Reznor back with nails sharpened

By Claudia Perry for The Star-Ledger (NJ) on May 17, 2005

NEW YORK -- In the world of rock, being a shy control freak is a rarity. But Trent Reznor of Nine Inch Nails is just that, and the first of two sold-out shows Sunday night at Hammerstein Ballroom showed the man at his laconic best.

Nine Inch Nails released "With Teeth," its first album of new material in six years, on May 3. Reznor battled writer's block, hid out, worked out, got sober and is back on the road with a slightly larger band. Add to that a delicious stage set with neon bars, tiny clusters of TV monitors, and "Matrix"-like data bits appearing and flashing at various intervals. Top with powerful spotlights and lights that were turned on the audience to complete the picture of a human hard drive overwriting itself again and again.

However, technology has its drawbacks. Sometime at the end of the song after "Terrible Lie," the bass went out. The stage was plunged into darkness for about 10 minutes while roadies with flashlights sussed out the problem -- a plug kicked loose. The show quickly resumed, and Reznor said, "There are 10 (expletives) who will not have jobs after this show." Control freak? Perish the thought.

Anyway, the show resumed its sound and fury with little chat and even less relief. Even when Reznor tackled the powerful ballad, "Hurt," the energy didn't dip. Reznor's newest band members, guitarist Aaron North and keyboard whiz Alessandro Cortini, acquitted themselves with honor. Cortini cooked up a stew of background samples, as well as taking the lead on tunes like "Starfuckers, Inc." and "Something I Can Never Have."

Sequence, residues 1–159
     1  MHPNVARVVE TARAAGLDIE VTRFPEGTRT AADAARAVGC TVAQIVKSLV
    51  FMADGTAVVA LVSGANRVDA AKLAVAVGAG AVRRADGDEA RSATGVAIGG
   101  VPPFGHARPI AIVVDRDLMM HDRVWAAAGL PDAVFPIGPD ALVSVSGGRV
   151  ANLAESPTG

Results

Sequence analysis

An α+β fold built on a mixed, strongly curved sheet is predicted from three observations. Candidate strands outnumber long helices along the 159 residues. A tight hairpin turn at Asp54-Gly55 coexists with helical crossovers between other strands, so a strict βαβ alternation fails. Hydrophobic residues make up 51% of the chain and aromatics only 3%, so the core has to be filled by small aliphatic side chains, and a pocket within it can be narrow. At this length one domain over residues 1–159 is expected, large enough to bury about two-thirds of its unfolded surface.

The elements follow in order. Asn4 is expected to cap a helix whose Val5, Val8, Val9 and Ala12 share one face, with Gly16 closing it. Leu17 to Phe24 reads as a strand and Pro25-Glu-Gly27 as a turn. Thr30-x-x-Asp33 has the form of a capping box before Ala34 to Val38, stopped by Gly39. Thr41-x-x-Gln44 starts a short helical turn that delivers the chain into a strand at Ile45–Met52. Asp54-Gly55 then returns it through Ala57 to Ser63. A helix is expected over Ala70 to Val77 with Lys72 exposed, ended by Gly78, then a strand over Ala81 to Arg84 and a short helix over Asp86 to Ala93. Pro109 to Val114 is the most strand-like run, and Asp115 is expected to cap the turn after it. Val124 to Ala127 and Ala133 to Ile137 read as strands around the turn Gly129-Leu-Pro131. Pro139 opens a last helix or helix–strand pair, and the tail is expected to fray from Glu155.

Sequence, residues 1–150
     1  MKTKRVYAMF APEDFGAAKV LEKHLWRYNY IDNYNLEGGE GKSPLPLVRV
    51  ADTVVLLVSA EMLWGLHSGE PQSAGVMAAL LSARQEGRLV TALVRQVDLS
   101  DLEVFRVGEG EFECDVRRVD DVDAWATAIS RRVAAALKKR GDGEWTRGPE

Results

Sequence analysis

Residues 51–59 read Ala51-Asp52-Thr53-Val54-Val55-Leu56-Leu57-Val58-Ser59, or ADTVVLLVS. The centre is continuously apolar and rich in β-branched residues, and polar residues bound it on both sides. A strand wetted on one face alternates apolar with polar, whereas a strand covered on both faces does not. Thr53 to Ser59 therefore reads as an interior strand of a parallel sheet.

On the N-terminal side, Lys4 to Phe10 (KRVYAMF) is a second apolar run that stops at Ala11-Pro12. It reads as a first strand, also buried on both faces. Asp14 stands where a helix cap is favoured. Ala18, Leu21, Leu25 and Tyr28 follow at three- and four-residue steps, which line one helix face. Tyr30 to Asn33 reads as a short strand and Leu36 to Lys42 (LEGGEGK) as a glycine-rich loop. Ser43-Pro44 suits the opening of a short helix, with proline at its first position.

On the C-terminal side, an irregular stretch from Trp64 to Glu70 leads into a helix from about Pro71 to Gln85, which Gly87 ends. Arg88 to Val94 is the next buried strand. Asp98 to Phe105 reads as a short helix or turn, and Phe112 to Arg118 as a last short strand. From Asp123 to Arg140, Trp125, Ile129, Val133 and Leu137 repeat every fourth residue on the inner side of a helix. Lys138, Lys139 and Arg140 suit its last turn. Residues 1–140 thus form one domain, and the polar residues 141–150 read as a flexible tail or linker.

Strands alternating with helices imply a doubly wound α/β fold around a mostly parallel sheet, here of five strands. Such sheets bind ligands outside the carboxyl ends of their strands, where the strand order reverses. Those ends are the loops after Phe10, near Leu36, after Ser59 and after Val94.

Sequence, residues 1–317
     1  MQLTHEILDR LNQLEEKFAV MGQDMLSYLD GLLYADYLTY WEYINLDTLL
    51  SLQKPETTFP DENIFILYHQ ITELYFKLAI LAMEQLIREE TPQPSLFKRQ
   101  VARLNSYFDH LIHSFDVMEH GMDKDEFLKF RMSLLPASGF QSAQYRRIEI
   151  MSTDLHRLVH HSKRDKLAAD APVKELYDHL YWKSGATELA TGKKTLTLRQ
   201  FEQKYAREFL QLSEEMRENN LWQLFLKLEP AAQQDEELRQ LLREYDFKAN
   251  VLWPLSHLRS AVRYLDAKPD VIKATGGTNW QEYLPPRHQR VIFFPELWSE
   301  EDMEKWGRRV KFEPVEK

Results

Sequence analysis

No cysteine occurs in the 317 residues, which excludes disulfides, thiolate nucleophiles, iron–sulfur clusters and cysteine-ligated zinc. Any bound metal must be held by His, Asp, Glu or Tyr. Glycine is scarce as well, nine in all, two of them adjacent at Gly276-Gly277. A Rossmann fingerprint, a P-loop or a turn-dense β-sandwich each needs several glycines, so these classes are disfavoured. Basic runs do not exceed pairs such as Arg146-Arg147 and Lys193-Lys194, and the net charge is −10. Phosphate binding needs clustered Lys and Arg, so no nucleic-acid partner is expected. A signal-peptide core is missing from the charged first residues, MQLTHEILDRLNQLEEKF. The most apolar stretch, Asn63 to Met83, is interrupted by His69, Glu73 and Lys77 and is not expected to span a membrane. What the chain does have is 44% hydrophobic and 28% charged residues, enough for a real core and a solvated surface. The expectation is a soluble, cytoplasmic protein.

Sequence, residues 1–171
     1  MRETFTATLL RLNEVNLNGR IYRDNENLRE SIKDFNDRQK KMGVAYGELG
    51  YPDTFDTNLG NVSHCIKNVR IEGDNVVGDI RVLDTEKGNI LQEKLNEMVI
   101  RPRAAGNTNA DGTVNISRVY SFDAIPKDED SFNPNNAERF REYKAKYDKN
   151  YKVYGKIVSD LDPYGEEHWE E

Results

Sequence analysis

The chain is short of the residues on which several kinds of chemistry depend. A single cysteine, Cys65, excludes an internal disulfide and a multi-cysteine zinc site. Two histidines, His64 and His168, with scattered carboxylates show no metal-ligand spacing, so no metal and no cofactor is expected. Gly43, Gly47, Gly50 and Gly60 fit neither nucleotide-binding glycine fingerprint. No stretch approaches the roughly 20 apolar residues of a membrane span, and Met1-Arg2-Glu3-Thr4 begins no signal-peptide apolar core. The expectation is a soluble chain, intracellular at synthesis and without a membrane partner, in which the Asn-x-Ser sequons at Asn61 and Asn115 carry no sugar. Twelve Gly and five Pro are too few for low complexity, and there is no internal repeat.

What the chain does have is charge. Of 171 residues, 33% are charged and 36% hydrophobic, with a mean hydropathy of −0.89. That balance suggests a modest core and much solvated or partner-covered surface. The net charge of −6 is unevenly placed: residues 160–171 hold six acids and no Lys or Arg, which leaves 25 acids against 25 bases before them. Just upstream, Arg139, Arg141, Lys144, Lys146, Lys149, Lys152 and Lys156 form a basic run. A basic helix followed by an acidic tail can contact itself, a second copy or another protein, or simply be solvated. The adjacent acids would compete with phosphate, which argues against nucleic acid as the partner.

By the time the 20-song set slammed to a close with "Head Like a Hole," Reznor and company were drenched with sweat, and the audience was hoarse and exhilarated. There was no encore, with good reason. The punishing power of "Hole" is hard to top.

"The Hand That Feeds," the single from "With Teeth," was dropped into the middle of the 75-minute set. It's a little lighter than some of Reznor's previous work, but in no way upbeat.

Frankly, where Reznor truly caught lightning in a beer bottle is the song "Closer." Some industrial rock, including bands like Filter and Stabbing Westward, hasn't aged gracefully. "Closer," which is 11 years old, still throbs with power. Its signature line, which cannot be printed in just about any newspaper in the world, is one of the rawest expressions of animal need ever digitized. The song still stuns after all this time.

The time off has served Reznor and company well. There are very few live rock shows that can top Nine Inch Nails when everything is plugged in and running at full throttle. The show Sunday had all the allure of a wrecked Ferrari by the highway. You have to slow down, look and try to figure out what happened. Nine Inch Nails makes its fans straddle the line between keen observers and obsessed voyeurs. In short, you lose control.

Openers the Dresden Dolls divided the house. For every shout of the traditional, mildly profane kiss-off delivered to opening acts everywhere, there were scattered groups of fans applauding the drum and keyboard duo's every move. Besides playing cabaret-like originals like "Coin Operated Boy" and "Bad Day," the band offered covers of Black Sabbath's "War Pigs" and Radiohead's "Karma Police." Keyboard player Amanda Palmer and drummer Brian Viglione are onto something. Exactly what it is may take more time than a 30-minute set to figure out.

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